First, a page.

As with all Apple marketing, the iPhone marketing strategy is very clear, simple and clever. With the plain and simple apple icon, Apple focuses on the pure innovative style of their products without all the “fluff”. The iPhone was released by Apple in June, 2007. The ground-breaking style of the iPhone was touted for months before the initial release and has remained the best of the best when it comes to cell phones over the past several years. Before the iPhone’s official release, Apple ran four television commercials promoting the new cell phone.
The first of the commercials portrays the new iPhone as the next step up from the popular iPod. The iPod was all the rage up until this point, and the iPhone was supposed to be the next-generation iPod, oh, and it’s also a phone! The advertisement displays all of the enhanced features available in the iPod, and more, the point being “There’s never been an iPod that can do this.”
“So, say you’re watching Pirates of the Caribbean”
Finger clicks on video and displays wide screen movie.
“Mmm, did somebody say Calamari?”
Finger clicks back to menu, selects Maps application to search ‘Seafood’.
“The closest would be…”
Map displays all seafood locations and highlights location nearest to you.
Finger clicks seafood location, and restaurant phone number displayed. iPhone dial’s.
The first four iPhone commercials flaunted the convenience, innovation, and usefulness of a single product with the functionality of not only a phone, or a music device, but a product that can, among other things, listen to music, watch videos, view photos, make conference calls, check e-mail, browse the web, and view maps.
Not only does Apple utilize television for their marketing strategy, but they make use of their website by posting videos, they also published a handful of press releases that could have been released in one single document. Apple often uses this tactic to build up hype and leave the consumer wanting more.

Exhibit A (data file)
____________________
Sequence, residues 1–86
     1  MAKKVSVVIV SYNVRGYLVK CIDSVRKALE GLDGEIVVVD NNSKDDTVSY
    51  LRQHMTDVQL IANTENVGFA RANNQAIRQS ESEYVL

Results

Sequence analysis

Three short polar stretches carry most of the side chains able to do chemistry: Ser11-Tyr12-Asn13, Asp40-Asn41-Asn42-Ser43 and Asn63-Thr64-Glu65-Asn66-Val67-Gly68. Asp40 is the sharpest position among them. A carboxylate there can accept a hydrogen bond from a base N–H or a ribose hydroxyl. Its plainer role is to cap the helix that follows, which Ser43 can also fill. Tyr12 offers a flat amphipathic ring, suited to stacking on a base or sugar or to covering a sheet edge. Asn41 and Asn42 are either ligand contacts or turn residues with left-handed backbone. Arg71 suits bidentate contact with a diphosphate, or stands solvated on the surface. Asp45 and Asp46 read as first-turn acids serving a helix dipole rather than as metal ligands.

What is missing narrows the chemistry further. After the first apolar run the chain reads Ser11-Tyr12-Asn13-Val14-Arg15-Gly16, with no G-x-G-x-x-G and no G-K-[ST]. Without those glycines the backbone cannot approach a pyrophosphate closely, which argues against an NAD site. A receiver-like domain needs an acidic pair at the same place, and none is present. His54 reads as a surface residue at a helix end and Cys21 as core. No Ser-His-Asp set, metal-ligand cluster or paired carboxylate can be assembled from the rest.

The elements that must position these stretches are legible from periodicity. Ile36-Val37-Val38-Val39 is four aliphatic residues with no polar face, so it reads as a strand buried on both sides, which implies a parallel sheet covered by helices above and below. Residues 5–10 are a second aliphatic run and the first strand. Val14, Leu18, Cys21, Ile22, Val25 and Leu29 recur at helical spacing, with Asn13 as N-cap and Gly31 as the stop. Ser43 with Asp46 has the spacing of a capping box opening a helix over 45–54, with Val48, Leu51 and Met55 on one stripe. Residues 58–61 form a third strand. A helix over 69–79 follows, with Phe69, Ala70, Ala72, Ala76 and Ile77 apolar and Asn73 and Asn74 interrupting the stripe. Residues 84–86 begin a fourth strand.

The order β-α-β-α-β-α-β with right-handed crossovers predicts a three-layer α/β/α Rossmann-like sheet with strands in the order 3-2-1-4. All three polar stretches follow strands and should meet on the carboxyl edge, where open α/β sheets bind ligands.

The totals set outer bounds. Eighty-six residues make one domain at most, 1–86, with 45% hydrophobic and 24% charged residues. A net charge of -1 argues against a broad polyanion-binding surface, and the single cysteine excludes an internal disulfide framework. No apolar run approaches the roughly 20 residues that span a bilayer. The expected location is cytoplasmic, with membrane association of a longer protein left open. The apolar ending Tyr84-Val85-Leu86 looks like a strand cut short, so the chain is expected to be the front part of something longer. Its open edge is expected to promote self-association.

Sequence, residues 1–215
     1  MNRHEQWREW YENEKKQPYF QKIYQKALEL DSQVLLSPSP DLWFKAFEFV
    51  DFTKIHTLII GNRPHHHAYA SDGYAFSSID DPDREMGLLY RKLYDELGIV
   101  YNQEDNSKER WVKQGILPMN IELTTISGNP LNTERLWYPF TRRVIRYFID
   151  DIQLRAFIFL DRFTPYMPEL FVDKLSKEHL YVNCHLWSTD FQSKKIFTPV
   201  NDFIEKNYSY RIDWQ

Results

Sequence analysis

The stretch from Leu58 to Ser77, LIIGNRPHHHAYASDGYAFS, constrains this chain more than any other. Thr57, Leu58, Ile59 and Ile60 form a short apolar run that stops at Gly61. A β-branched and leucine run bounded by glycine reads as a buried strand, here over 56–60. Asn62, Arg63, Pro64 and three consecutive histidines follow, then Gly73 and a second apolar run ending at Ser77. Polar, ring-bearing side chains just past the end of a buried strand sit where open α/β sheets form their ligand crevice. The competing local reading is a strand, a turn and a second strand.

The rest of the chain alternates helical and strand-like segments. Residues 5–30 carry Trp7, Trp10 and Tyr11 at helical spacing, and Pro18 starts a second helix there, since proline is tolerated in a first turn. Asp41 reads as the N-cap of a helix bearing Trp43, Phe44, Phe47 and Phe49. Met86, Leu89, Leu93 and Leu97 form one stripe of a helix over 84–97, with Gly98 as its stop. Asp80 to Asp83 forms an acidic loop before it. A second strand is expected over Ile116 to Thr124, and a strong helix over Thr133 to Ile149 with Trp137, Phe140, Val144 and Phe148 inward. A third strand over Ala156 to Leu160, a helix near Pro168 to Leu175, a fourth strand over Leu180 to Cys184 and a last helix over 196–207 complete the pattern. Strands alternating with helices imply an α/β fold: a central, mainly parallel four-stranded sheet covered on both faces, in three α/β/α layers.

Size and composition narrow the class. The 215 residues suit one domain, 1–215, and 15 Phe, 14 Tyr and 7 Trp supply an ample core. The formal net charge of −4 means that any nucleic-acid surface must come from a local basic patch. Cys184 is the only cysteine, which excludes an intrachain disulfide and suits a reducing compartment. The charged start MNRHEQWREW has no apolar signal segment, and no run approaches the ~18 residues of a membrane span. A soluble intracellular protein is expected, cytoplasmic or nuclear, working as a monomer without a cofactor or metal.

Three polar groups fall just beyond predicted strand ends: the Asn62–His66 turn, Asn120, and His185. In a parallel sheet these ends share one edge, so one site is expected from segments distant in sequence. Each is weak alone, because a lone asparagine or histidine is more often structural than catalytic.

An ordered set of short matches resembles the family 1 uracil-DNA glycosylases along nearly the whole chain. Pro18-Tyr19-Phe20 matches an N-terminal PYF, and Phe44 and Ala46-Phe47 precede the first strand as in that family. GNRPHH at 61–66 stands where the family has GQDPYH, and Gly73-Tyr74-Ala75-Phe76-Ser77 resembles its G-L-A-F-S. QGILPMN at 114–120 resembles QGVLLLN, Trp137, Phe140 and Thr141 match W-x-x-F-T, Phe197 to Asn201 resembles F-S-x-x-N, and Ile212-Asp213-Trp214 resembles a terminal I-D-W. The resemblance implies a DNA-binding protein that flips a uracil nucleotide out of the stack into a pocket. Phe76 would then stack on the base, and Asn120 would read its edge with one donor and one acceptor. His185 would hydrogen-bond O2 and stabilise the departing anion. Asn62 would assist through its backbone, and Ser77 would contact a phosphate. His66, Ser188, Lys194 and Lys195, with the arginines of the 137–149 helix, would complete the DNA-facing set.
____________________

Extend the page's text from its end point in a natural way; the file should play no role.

With Apple’s brief press releases, giving the audience little to go off, “Apple leveraged a law of social physics – news, like nature, abhors a vacuum. In the absence of real information, those who care about a product will grasp at any rumor that comes their way. Apple may publicly disavow the rumor Web sites that scramble for scraps about the companies plans, but secretly their marketing department must be delighted. It would cost a lot to buy that kind of Web advertising.” (Silverman, 2007)
The official iPhone website does more than just provide information about the product. The website provides top tips and tricks for the use of an iPhone, as well as a huge focus on apps. Almost the entire iPhone page displays images of apps, provides the “App of the Week,” the website also contains sections titled “Apps for Everything,” and the “Top Apps.” Apple’s website is a great marketing tool for current iPhone users and consumers that have an interest in purchasing the iPhone. The promotion of the apps will create a stronger source of revenue for Apple. As customers see top rated applications, they are more likely to download the app, rather than searching through 25,000+ apps to find one that may be of any value to the consumer.
Successful younger men were the target audience that Apple had originally focused on. Apple had hoped that with this target audience, and the fact that 48% of this audience did not already own an Apple iPod, would allow them to reach their forecast of 10 million sales by the end of 2008.
One month prior to the release of the iPhone, Solutions Research Group profiled a cross-section of those aware of the phone. The forecast of potential buyers for the day of the release ranked a majority of T-Mobile customers, AT&T’s only GSM-based product competitor, at 15%. The second largest group expected to purchase the new iPhone was AT&T’s existing customer base, at 12%. The Solutions Research Group also found that 72% of males, versus 28% of women were most likely to investigate the phone at its minimum price of $499. (Malley, 2007)
The obvious current target audiences for the Apple iPhone include young people between the ages of 20 and 35, affluent teenagers, “jet-setters”, and “mobile” employees who work outside of the office.